Where To Watch Diane Sawyer House Of Horrors: After years of unspeakable abuse and deprivation at the hands of their parents, it appeared that the Turpin siblings were on the path to a new life: a future with the resources they needed to start over and make up for the years they had been isolated from the rest of the world. But the Turpin siblings were wrong. Jordan Turpin sneaked up on a ledge at her parents’ house and slipped down into the outer world, completely unaware of her surroundings.
The 17-year-old had only been outdoors a handful of times in her whole life, and she was scared of what she might find. Her hands were trembling violently as she clutched a deactivated mobile phone that her parents were completely unaware she possessed, but she summoned the bravery to call 911 while picturing her brothers imprisoned up in the home with no way out.
I was scared that if I phoned the police or attempted to leave, I would be apprehended, and then I knew I would die if I was apprehended,” Jordan, now 21, told Diane Sawyer, host of ABC News’ Diane Sawyer Show, in an exclusive interview. “But at the end of the day, when I saw all of my younger siblings, I realized it was the right thing.”
A little more than four years ago, after authorities rescued the 13 Turpin siblings from their family home in Perris, California, where they had been subjected to brutal violence and denied access to basic necessities like food, sleep, hygiene, education, and health care, advocates and county leaders assured the siblings — as well as a concerned public — that assistance was on its way.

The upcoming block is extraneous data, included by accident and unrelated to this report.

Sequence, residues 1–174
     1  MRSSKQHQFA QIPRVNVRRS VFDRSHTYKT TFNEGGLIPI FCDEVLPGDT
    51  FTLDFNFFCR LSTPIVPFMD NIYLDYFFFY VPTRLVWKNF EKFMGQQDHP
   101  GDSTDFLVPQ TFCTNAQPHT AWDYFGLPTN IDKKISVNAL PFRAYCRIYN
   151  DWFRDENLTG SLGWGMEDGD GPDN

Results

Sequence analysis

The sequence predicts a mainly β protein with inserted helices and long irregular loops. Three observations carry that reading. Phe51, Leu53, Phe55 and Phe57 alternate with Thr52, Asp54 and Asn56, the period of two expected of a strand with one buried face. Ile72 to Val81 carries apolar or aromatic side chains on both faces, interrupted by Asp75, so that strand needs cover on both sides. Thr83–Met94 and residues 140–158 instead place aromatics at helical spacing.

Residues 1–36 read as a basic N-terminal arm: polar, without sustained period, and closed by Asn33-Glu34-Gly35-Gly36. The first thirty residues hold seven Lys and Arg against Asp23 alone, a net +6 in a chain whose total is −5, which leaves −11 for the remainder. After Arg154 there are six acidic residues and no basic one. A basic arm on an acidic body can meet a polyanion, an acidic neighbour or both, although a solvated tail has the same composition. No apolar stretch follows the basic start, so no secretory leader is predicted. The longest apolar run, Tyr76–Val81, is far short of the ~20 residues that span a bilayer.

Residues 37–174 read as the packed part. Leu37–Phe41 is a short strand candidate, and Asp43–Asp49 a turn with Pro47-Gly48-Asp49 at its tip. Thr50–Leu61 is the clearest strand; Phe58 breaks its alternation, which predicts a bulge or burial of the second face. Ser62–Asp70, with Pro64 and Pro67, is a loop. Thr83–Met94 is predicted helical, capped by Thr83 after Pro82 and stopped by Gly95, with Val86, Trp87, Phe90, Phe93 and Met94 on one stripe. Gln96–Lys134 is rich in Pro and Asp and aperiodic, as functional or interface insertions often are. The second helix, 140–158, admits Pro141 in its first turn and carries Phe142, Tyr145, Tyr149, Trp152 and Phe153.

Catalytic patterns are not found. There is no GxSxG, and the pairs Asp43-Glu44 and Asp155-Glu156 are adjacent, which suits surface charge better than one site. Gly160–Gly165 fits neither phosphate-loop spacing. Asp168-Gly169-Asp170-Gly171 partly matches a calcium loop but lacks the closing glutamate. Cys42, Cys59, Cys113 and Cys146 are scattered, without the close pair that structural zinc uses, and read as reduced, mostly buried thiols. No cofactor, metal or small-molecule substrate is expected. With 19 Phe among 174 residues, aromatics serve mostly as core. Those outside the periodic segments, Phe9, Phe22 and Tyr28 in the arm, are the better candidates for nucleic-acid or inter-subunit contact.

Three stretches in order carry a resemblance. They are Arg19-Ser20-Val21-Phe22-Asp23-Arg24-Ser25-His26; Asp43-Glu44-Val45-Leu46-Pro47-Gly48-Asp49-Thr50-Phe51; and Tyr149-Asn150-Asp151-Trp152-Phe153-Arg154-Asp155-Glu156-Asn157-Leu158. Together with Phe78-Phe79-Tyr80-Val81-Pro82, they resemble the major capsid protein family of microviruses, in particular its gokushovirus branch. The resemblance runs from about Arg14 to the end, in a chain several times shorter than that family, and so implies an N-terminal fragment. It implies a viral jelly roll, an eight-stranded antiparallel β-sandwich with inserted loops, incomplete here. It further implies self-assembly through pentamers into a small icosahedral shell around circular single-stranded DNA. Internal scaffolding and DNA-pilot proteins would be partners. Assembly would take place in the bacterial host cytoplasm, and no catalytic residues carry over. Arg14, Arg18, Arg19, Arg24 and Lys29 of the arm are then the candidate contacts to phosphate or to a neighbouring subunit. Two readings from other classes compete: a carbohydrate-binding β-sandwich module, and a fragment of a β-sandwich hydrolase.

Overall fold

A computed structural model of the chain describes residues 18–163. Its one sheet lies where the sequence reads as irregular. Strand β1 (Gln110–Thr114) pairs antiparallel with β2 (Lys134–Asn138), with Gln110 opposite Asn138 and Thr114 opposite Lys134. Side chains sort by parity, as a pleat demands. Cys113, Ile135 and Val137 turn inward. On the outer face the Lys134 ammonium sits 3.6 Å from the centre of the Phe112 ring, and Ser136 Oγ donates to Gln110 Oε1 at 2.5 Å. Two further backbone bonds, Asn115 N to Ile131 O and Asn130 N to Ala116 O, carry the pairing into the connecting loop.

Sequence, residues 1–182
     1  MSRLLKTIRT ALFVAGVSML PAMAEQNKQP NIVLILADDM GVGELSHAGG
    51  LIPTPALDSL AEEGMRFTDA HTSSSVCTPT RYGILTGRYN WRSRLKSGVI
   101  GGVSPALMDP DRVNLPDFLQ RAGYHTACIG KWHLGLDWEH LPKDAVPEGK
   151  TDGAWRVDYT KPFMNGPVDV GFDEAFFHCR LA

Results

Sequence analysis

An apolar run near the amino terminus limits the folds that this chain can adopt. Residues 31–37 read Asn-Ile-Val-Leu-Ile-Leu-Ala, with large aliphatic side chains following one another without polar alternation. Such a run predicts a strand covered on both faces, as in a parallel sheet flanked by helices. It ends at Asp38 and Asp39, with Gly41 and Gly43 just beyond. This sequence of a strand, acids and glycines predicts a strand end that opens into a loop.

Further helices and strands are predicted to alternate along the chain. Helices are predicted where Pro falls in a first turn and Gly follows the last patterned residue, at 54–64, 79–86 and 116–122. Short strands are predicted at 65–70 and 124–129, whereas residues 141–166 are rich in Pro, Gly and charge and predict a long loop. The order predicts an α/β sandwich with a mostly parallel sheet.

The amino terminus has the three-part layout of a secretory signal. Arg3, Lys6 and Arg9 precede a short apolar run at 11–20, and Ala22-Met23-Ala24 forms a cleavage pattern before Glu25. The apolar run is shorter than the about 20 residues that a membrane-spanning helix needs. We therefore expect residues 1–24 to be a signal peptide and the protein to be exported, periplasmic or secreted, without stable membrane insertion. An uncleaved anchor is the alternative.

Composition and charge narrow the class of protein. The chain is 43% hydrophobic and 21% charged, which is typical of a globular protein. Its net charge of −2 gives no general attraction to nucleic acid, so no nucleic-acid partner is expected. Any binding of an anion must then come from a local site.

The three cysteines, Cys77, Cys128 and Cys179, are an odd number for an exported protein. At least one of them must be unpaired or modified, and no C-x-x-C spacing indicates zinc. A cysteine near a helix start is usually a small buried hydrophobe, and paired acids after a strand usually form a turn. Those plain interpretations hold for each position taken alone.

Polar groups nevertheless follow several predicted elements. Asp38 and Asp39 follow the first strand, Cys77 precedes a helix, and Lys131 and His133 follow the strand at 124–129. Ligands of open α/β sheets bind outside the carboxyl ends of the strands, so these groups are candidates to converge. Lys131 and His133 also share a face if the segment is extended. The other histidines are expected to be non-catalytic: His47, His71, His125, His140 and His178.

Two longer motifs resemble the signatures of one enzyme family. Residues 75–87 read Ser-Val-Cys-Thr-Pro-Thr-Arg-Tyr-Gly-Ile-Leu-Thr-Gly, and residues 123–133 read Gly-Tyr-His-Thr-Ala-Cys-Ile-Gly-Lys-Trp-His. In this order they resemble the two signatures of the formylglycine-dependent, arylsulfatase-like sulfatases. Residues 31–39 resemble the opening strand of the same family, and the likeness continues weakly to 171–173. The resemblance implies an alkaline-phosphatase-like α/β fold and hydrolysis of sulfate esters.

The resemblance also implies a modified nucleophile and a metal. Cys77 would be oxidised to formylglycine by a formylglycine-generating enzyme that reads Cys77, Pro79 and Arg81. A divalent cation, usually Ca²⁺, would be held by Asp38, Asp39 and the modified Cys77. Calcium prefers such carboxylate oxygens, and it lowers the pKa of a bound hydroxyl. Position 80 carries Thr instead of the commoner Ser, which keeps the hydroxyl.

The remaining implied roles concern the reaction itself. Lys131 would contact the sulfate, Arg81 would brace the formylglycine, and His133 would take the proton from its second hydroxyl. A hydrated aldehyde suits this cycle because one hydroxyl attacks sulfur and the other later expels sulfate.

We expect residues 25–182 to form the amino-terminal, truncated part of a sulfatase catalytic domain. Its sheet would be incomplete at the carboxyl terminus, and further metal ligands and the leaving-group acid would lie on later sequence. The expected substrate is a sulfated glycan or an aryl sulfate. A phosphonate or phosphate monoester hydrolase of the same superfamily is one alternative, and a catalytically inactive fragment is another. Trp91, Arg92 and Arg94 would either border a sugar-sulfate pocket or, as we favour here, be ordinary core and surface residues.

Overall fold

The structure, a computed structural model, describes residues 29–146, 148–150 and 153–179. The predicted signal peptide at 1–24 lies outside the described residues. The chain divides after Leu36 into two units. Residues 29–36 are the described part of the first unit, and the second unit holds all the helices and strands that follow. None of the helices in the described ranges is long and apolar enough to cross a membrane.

The seven adult children’s attorney, Jack Osborn, expressed confidence in their ability to succeed when their parents were sentenced in 2019. “Given what they’ve gone through and how resilient they are, we’re certain that they’re going to be quite successful,” he said. This will be quite interesting to follow throughout the years,” says the author.
Unfortunately for the Turpin children, who varied in age from two to thirty-nine years, such assurances have shown to be false. Their narrative acquired a worldwide audience, resulting in hundreds of thousands of dollars in contributions from kind strangers as a result of their efforts.
Officials and some of the Turpin children are now coming out, claiming that they still do not have access to many of the supports and assistance that are supposed to be available to them under the law. The results of an ABC News investigation have shown that some of the Turpin children have continued to experience obstacles and hardships after they were rescued and put in county custody in 2009. Some of them have even found themselves in danger again.
Mike Hestrin, the Riverside County district attorney, told ABC News’ Diane Sawyer in an interview for the 20/20 special event “Escape From a House of Horror” that the victims had been “victimized again by the system.”
Hestrin was the district attorney for Riverside at the time, and it was he who brought the Turpins’ parents, David and Louise, to justice. They are currently both serving life terms in different California prisons, according to their attorneys. Hestrin said he and his team are among the few outsiders who have managed to remain in contact with the children — their lives shielded behind layers of secrecy, mandated by a combination of laws to protect child-abuse victims and a sweeping confidentiality order imposed by the judge overseeing the care of the older siblings.